While the Cowboys struggled as a whole last season, senior point guard Byron Eaton made noticeable strides in his play. The former McDonalds All-American posted career bests in scoring, rebounding, steals and saw his turnover numbers drop to the lowest they have ever been. In seeing a little more time off the ball than he had in the past, we got an opportunity to see more of Eatons offensive abilities.
Physically, Eaton doesnt pan out as an NBA prospect; plain and simple. Generously listed at 511, he is severely undersized for the point guard position, and he doesnt possess freakish explosiveness around the rim either. Eaton has struggled with weight problems throughout his career thus far, but has reportedly made strides in this area recently. His plump 243 pound frame allowed him to deal effectively with contact, particularly when attacking the basket, but more often than not he struggled to get a good shot off around the rim because of his small stature and poor elevation. According to Synergy Sports Technologys quantified report (which looked mostly at OSUs games against reasonably strong competition), Eaton shot a very low 41% on field goal attempts around the basket.
From the perimeter, Eaton is a decent outside shooter. Nearly 40% of his field goal attempts come from beyond the arc, where he shot a respectable 36.8% last season on 2.9 attempts per game. Where issues arise though is with his actual shot. Eaton has a very flat footed stroke that is quite slow and takes him a while to get off. While he is able to get away with this at the college level, he will almost undoubtedly have real problems getting his shot off against NBA defenders, unless he can find a way to make it more compact. Even against opponents now, Eaton will often wind up taking shots from well beyond the three-point line where defenders are less likely to actively contest his shots.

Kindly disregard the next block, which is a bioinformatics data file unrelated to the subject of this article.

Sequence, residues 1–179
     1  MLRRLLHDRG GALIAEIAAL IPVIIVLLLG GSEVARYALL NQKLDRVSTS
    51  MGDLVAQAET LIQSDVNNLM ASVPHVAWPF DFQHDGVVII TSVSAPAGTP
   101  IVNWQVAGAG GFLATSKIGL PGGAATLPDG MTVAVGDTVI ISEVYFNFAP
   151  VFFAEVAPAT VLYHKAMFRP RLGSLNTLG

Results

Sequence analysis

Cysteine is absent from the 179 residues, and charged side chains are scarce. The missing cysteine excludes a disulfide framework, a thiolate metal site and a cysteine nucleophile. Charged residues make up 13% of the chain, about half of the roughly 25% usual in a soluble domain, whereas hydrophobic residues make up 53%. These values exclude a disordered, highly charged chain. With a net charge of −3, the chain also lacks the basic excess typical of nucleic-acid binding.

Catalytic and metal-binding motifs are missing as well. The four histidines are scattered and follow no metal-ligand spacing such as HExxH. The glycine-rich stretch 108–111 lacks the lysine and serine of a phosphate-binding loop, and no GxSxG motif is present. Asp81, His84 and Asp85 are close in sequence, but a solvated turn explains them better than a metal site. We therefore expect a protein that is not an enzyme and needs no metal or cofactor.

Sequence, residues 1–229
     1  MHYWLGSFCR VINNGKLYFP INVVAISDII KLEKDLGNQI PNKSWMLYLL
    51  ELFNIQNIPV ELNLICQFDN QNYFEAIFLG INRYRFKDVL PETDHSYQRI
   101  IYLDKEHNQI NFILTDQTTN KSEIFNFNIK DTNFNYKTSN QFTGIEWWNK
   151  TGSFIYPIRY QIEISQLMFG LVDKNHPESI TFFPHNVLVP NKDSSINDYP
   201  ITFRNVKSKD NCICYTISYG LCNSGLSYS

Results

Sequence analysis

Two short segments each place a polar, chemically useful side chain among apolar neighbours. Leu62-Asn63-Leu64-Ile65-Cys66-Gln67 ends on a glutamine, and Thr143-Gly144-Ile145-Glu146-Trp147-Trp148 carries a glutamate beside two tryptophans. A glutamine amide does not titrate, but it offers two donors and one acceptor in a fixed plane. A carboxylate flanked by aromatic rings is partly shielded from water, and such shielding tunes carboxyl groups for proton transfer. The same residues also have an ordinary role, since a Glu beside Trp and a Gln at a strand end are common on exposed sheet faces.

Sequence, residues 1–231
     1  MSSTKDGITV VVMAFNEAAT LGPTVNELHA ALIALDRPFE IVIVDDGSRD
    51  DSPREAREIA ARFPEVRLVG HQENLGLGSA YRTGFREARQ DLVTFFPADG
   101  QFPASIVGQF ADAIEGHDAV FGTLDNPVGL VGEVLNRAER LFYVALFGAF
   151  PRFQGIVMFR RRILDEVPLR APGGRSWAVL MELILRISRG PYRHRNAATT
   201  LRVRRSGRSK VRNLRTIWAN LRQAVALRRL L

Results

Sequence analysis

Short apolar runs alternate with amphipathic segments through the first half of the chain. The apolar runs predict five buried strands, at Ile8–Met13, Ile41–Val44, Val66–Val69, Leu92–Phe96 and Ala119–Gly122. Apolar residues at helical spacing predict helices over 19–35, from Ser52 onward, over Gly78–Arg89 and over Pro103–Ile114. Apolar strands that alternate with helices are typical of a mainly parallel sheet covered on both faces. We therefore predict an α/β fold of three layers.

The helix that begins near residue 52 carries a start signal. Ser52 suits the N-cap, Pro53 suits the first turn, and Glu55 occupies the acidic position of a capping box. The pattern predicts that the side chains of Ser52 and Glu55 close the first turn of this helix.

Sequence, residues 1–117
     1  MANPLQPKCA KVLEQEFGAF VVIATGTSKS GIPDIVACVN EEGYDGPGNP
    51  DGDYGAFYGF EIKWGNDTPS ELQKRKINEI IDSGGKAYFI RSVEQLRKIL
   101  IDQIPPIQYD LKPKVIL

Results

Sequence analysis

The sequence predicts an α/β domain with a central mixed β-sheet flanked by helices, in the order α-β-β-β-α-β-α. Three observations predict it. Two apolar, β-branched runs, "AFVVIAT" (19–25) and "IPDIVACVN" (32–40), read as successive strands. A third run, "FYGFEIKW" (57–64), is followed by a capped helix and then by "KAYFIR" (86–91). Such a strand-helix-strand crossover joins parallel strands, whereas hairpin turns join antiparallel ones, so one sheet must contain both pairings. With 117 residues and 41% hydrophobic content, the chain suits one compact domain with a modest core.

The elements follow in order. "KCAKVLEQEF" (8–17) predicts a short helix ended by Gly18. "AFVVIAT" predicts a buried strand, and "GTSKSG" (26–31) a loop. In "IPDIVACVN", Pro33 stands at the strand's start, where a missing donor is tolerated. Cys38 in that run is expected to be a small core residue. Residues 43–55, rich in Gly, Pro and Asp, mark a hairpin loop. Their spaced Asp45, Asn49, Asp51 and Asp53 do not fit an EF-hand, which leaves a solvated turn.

Once he puts the ball on the floor, Eaton shows some nice ability, but once again is limited by his size and lack of conditioning. He is a solid ball handler with good speed and quickness. Rarely will he have trouble beating defenders off the dribble if he wants to, but from here problems arise. Eaton struggles with his pull up jumper, showing an inconsistent release point on the move, and often not getting himself square before shooting. When he decides to go to the rim instead, he shows great physical toughness and a knack for drawing fouls (5.4 free throw attempts per game last season). When he isnt bailed out by whistles though, his shot selection is often erratic since he must contend with much bigger defenders.
Eatons assist numbers stayed consistent from his sophomore to junior season at around 3.5 per game, but they need to increase substantially. As previously mentioned, he does a solid job of getting into the lane and drawing additional defenders, but Eaton gets tunnel vision when attacking the rim. Rather than looking for open teammates, he often forces up poor shots.
Defensively, Eaton would likely struggle a lot against NBA talent. While he has very quick hands and feet that allow him to come away with over 2 steals per game, these often fail him against bigger, athletic opponents. Despite staying with his man through an entire offensive series, often times opponents can simply elevate right over the top of him for easy looks at the hoop.
There are certainly things to like about Eatons game: his toughness, his athleticism, and his aggressive mentality. However, his lack of size, his inconsistency as a scorer and his long, slow shot, make him a long shot at best for the NBA. Certainly he is capable of showing further improvement during his senior season as he did last year, and his new svelte frame (reportedly down 28 pounds) may be able to help him substantially, but in all likelihood, Eaton is destined to be a solid player for a team somewhere in Europe rather than an NBA roster.